Ah, and here we come to my actual rant and the real reason for my hardly suppressible anger. I can live with Points a) and b) about the lack of stylistic distinction in the trilogy and the incredibly conservative (and, in my eyes, disturbingly conservative) representations of gender and gender dynamics. This is a Cinderella story — Ana receives a makeover, complete with haircut, expensive dresses, Cartier jewellery and German-made cars — with a very messed-up Prince whose wallet is as large and bottomless as his sexual appetite and toy cabinet. (Incidentally, did you hear that there is an American sex toy company that is now producing erotic toys according to the descriptions and specifications mentioned in the Grey trilogy?) This is popular fiction; more sexually explicit than most but otherwise quite ‘normal’ in terms of plot, character, style. This is how the bestseller works. I know. I have written a Ph.D. dissertation about it. But back to my anger. If I can dispassionately and rationally analyse how Fifty Shades of Grey works as a popular novel and even warmly congratulate Mrs James for doing such a marvellous job in the bestselling department (i.e. take the core ingredients and spice it up), I cannot forgive her for the ways in which she abuses – here it comes –Tess of the D’Urbervilles. My Victorian heart is bleeding; my judgmental side – which is usually soundly asleep when I write about popular fiction which is, I believe, in no way inferior to ‘high’ fiction but simply serves a different purpose and readership – comes out, ready to strike. So here is 22-year old Ana Steele at the beginning of the novel, an English Literature major at Washington State University, with a special interest in Victorian fiction. (Good choice, by the way.) A virgin whose only romantic and sexual reference points are Elizabeth Bennet, Jane Eyre and, indeed, Tess Durbeyfield (225). All of this is fine: Ana writes her final 3-hour exam paper on said Tess (I’d love to know what the essay question was, actually.). Still acceptable. Christian Grey, knowing of this, trying to impress and being incredibly affluent at the tender age of 27 (he makes 100,000 USD a day or something like that), buys Ana a first edition of the Osgood & McIlvaine three-decker version of 1891, accompanied by a note which contains a quotation from Chapter 12: ‘Why didn’t you tell me [says Tess to her mother after having been seduced or possibly raped by Alec] there was danger? Why didn’t you warn me? Ladies know what to guard against, because they read novels that tell them of these tricks’. Nicely done and I am rather impressed with Mrs James’s knowledge and choice: getting a hold of the earlier serial publication in The Graphic might have taken Mr Grey time he doesn’t have; his libidinal clock was ticking so the three-decker copy had to do. But I’m losing my focus here. So all of this is fine but things go awfully pear-shaped when, suddenly, comparisons are drawn between Anastasia and Tess Durbeyfield, seduced, defiled and impregnated by Alec D’Urberville and idealised, condemned and loved by Angel Clare. At this point I have to interfere. James’s references to Ana’s Cheshire cat smile after her final exam, her flying close to the flame like Shelley’s moth, Christian being as chivalrous as Sir Gawain or Sir Lancelot but as jealous as Othello are annoying but clearly not in the same league of no-no’s. I can live with the latter but not with the way James is messing with Tess.
Tess’s weakness is her innocence and inexperience; she really didn’t know that there was danger in men-folk. Nobody told her and she hadn’t read the likes of Pamela. In contrast, Ana’s inexperience becomes her strength and weapon against Christian who simply cannot get his head around this 21st-century virgin whose knowledge and ideas about sex, romance and relationship comes from Austen and the Victorian novelists and who is, nevertheless, so willing to be tied up with him/ by him. Ana, in an attempt to return the expensive book gift wants to counter Christian’s warning about the danger of men-folk, i.e. himself, by quoting the passage where Angel gives Tess the boot, or, in flatmate Kate’s words, ‘where Angel Clare says fuck off’ (56). Here is an odd mix-up of Tess’s relationships. Theoretically, Ana’s quotation would have to be one that refers to Alec and Tess and come preferably from the scene where Tess finally leaves her seducer-assaulter. The situation with Angel is a completely different one: Christian Grey, too, seems confused that all of a sudden Ana sees him as Angel and not as Alec, which he (not an English graduate but a Yale Business school dropout) thinks would be the more likely reference.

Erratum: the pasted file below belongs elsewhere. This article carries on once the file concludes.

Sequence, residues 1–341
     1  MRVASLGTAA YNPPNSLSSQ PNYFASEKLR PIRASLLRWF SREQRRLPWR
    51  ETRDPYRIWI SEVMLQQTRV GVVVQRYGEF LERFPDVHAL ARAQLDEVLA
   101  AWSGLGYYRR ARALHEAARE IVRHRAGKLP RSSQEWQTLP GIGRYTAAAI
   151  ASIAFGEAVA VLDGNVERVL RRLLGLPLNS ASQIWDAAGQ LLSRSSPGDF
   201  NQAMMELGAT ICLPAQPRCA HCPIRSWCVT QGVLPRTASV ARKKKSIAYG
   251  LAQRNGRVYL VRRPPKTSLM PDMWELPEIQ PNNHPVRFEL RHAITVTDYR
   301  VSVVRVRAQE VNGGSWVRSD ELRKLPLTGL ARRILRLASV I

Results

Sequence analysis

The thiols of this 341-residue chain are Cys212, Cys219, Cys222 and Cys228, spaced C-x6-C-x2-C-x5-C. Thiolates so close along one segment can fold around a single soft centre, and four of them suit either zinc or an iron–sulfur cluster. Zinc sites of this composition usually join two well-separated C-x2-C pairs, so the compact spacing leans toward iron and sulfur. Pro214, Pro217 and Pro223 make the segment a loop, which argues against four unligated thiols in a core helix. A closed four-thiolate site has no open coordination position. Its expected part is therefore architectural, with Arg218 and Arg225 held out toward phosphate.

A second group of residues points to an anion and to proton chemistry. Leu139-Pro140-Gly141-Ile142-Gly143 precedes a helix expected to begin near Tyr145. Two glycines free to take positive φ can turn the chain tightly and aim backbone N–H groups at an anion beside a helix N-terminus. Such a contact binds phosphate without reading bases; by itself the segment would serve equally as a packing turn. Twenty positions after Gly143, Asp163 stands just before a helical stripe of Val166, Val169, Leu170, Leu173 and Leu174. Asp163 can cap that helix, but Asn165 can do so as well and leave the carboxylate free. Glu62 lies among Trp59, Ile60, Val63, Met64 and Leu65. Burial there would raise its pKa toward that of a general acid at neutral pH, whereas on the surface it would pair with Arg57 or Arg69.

But let us give Mrs James the benefit of the doubt and follow her surprising character analogy: Christian is a self-made man like Alec D’Urberville and with a name (by adoption) that isn’t really his own either. He gets a kick out of Ana’s inexperienced, uncorrupted nature at the same time that it baffles and troubles him; like Alec, he is sure to get sex when he wants it, waving expensive dresses and a luxurious flat at the intended. But as I said, interestingly, while Christian sees himself as Alec, Ana envisions him as Angel. The tortured soul, indeed, the one who puts Tess on a pedestal (with a much happier result in the Grey trilogy than in Tess), the one who discovers true love when it is almost too late. The one who mends his ways, begs for forgiveness. And the one who is, in fact, as cruel in his idealisation of Tess’s expected inexperience as Alec is in his abuse of Tess’s factual ignorance and sexual innocence.
If Mrs James might have a point here about Christian Grey being Alec-Angel (and Hardy wrote parallels into these two male characters), her Tess allusion contains one central flaw. Tess’s story is tragic while Ana is in utter control of her fate. For Tess (and the narrator) fate is inescapable: it is ‘as it should be’. Ana, however, follows a path of her choosing. No matter whether you think Ana’s choice brave or stupid, she is no Tess. A young woman in 2011 and 2012, she has the self-determination and the agency denied to the women in Hardy’s day. She has the freedom to do as she pleases. Tess didn’t. Imprisoned by society’s expectations and religion’s rules, her hands were tied. Not in the BDMS way but in the gallows fashion. Enjoy being a 21st-century woman, Miss Ana Steele – if you like and want to annoy me further, even spend more time emailing your boyfriend than actually doing any publishing-related work (don’t get me started – do these people ever find time to work between suggestive emailing?). You will (spoiler alert!!!) get your happy ending with marriage and two children in Fifty Shades Freed. Kinky sex games and BDMS continue to please ‘the master’ but you’ve ended like a true Mills and Boon heroine: the wild man has been somewhat tamed and turned into a family man and father, and you’ve secured him in marriage.
Enjoy being a bestselling author, Mrs James. You deserve it – your novels possess all the characteristics that make the reading experience both non-rational and obsessive-compulsive – that is, unless you’re a jaded professional like me who read this as part of her job description. And I have to admit that I simply adore you for admitting in public that the Grey trilogy is a full-on manifestation of your mid-life crisis. It so is. But stay away from Tess and any other Victorian references that don’t hold; it angers and upsets me on a very personal and academic level.